France local government elections- Macron suffered losses

Greens made gains in the cities amid low turnout

The Sunday French municipal elections saw a surge for Green Party as president macron’s party suffered losses. The Socialist Mayor of Paris Anne Hidalgo retains her mayor ship and won the reelection. Both the main centre right and centre left parties failed to put up an impressive show in the local elections.
Green candidates fared well in many big cities, leading the race in Lyon, Strasbourg and Grenoble, while a handful of candidates from the far-right National Rally were re-elected with outright majorities.
French voters cast their ballots Sunday in nationwide second round of municipal elections marked by record-low turnout. Only 40% voters turn up for voting at the polling stations across the country. The elections took place at a time when France eased the strict lockdown imposed in March. The government imposed stringent restrictions on public life in an increasingly frantic effort to slow the progress of the deadly coronavirus outbreak.
It is the delayed second round of municipal elections across France. Like presidential elections, local elections in France follow a two-round voting process. The first round was on March 15th but the second - set for March 22nd - was postponed because of the lockdown. The rescheduled second round takes place on Sunday, June 28th.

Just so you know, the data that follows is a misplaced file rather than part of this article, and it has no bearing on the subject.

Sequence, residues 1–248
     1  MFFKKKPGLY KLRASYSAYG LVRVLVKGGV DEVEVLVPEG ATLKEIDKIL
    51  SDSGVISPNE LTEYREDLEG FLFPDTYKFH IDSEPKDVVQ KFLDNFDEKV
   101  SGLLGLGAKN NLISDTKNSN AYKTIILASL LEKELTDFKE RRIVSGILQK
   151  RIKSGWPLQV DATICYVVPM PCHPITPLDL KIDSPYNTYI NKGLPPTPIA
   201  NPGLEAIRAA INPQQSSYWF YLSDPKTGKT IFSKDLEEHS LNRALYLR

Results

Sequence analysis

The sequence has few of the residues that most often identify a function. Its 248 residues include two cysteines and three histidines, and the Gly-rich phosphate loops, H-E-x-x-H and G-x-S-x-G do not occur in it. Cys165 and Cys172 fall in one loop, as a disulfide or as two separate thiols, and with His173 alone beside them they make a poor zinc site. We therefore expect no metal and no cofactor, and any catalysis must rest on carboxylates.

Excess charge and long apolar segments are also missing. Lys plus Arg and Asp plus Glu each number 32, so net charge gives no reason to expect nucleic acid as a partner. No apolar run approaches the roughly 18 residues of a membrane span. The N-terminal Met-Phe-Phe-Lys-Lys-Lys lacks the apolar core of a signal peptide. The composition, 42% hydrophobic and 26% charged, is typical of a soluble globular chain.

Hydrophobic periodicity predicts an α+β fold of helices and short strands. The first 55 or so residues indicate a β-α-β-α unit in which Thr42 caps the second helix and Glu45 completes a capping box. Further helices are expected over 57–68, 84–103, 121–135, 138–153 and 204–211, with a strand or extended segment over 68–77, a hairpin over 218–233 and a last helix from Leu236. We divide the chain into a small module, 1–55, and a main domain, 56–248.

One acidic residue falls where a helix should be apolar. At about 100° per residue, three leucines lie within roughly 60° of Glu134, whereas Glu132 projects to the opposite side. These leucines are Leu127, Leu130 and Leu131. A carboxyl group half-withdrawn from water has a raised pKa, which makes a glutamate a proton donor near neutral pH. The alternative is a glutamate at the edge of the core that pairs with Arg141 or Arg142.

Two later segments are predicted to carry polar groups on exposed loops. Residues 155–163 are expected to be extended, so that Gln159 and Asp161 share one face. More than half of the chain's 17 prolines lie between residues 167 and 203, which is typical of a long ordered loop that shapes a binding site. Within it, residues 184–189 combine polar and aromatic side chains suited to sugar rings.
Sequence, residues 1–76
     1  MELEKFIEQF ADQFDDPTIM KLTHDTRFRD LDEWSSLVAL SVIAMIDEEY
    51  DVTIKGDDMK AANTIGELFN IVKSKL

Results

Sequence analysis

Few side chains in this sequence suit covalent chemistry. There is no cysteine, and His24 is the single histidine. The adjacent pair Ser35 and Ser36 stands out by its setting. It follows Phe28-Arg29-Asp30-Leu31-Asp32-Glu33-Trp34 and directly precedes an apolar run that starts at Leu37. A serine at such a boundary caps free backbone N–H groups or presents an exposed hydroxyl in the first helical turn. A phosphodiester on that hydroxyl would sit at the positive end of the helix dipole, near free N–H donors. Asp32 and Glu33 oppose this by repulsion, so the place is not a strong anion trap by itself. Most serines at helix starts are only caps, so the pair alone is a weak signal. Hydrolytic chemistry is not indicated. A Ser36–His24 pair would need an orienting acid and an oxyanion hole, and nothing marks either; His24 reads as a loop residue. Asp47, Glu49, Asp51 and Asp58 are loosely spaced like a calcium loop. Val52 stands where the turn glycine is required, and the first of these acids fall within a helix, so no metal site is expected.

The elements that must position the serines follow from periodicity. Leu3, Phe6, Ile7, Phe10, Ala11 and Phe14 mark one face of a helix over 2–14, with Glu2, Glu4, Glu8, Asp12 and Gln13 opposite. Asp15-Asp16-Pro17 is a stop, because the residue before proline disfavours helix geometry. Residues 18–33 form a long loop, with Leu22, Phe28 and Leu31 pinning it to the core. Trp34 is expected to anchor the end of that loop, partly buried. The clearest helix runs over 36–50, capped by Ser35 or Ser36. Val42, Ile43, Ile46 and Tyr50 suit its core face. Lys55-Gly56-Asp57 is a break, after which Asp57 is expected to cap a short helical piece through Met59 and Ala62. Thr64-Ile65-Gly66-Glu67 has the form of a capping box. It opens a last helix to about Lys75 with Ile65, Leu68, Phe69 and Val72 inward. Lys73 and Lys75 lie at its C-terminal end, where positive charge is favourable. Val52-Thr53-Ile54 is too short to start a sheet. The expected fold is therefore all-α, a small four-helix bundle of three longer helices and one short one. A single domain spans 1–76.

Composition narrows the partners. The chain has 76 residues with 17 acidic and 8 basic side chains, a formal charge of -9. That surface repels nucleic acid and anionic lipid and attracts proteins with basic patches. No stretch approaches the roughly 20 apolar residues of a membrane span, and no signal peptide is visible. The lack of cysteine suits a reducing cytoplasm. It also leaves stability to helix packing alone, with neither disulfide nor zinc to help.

The great majority of candidates from the president's La Republique en Marche party failed to make it past the first round of voting and key cities like Paris and Marseille are widely expected to choose non LREM candidates. The party's goal is to have 10,000 municipal councilors - a fraction of the 535,000 seats up for election.
Emmanuel Macron came to power in 2017 with the help of support from voters in France's big cities, as well as the collapse of the traditional parties of both right Republican Party- and left-wing Socialist Party.
 However, three years on his movement La République en March (LREM) -- which was already struggling to embed itself locally around the country -- failed to capture any of the large metropolitan areas where the president will need significant voter support at the next election.
Having veered to the right in the first half of his presidential term, Macron had already been tipped to concentrate more on social and environmental issues in the remaining two years of his mandate. Such a trend is likely to be accelerated in the wake of the COVID-19 pandemic and these election results.

The local government election results brought jubilation for the main Green party and left-wing allies, as they swept to victory in several large cities. Their success puts more pressure on Emmanuel Macron to address environmental concerns ahead of the 2022 presidential race.
The greens have established themselves as a major political opposition force in France, with notable victories in several major cities including Lyon, Bordeaux and Strasbourg. They also played a significant part in the re-election of the socialist mayor in Paris and helped propel the left into pole position in Marseille.